The Labor Code of the Philippines, Article 243, provides thus:
ART. 243. Coverage and Employees’ Right to Self-Organization. – All persons employed in commercial, industrial and agricultural enterprises and in religious, charitable, medical or educational institutions whether operating for profit or not, shall have the right to self-organization and to form, join, or assist labor organizations of their own choosing for purposes of collective bargaining. Ambulant, intermittent and itinerant workers, self-employed people, rural workers and those without any definite employers may form labor organizations for their mutual aid and protection.
Consistent with the Constitutional mandate, Article 243 of the Code allows “all persons employed in commercial, industrial and agricultural enterprises” to form, join or assist labor organizations of their own choosing for purposes of collective bargaining.
The right is extended even to those employed in traditionally non-profit organizations like religious, charitable, medical or educational institutions. This extension of the right departs from the policy under the old Industrial Peace Act (R.A. No. 875) which withheld the right to organize from employees of non-profit firms.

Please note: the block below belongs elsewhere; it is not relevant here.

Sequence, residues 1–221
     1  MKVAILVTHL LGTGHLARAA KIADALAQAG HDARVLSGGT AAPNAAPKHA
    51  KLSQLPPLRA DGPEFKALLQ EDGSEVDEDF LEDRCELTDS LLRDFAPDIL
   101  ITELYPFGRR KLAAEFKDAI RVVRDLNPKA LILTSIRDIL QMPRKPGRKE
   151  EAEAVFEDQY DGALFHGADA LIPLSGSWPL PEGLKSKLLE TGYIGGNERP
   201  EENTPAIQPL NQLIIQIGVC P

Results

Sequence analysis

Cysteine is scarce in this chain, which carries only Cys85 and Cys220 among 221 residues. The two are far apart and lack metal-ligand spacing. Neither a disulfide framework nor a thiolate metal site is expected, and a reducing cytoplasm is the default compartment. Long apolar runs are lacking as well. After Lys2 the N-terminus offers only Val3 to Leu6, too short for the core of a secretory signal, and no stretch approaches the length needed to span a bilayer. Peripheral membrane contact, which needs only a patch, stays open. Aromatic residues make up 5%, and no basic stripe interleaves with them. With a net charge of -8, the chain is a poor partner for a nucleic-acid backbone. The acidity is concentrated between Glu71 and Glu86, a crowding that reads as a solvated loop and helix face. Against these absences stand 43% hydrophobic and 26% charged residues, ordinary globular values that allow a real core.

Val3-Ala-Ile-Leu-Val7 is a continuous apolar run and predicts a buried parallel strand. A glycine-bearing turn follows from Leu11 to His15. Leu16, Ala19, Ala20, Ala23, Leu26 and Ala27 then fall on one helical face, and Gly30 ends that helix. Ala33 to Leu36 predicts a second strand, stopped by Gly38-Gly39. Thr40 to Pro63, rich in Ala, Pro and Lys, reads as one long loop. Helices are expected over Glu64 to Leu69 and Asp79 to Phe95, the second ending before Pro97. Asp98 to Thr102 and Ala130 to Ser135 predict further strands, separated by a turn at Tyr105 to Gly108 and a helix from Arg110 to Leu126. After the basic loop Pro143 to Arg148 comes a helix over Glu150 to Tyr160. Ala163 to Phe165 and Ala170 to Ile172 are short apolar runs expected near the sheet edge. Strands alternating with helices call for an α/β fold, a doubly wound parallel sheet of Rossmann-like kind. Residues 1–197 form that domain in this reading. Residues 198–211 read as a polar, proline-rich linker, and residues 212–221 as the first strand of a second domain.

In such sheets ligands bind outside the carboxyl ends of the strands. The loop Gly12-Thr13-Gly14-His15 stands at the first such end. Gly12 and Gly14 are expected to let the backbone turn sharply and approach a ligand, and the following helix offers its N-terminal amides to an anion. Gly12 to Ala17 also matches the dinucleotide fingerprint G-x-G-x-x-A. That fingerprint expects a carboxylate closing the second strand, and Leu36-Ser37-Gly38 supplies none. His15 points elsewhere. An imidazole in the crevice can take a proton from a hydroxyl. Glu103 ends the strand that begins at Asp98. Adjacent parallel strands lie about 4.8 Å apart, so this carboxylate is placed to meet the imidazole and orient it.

But the seemingly all-inclusive coverage of “all persons” in Article 243 actually admits of exceptions.
Under Art. 244, for instance, all employees in the civil service, that is, those not employed in government corporations established under the Corporation Code, may only form associations but may not collectively bargain on employment terms and conditions fixed by law.
Similarly, under Art. 245, managerial employees, regardless of the kind of organization where they are employed, may not join, assist or form any labor organization.
Accordingly, managerial employees cannot, in the absence of an agreement to the contrary, be allowed to share in the concessions obtained by the labor union through collective negotiation. Otherwise, they would be exposed to the temptation of colluding with the union during the negotiations to the detriment of the employer. (Martinez vs. NLRC, GMCR Inc. and M.A. Javier, G.R. No. 118743, October 12, 1998)
However, there is nothing to prevent the employer from granting benefits to managerial employees equal to or higher than those afforded to union members.
Supervisors are allowed to organize, but they cannot form, join or assist a rank-and-file union.
More exceptions to the right to organize can be found in court decisions, however.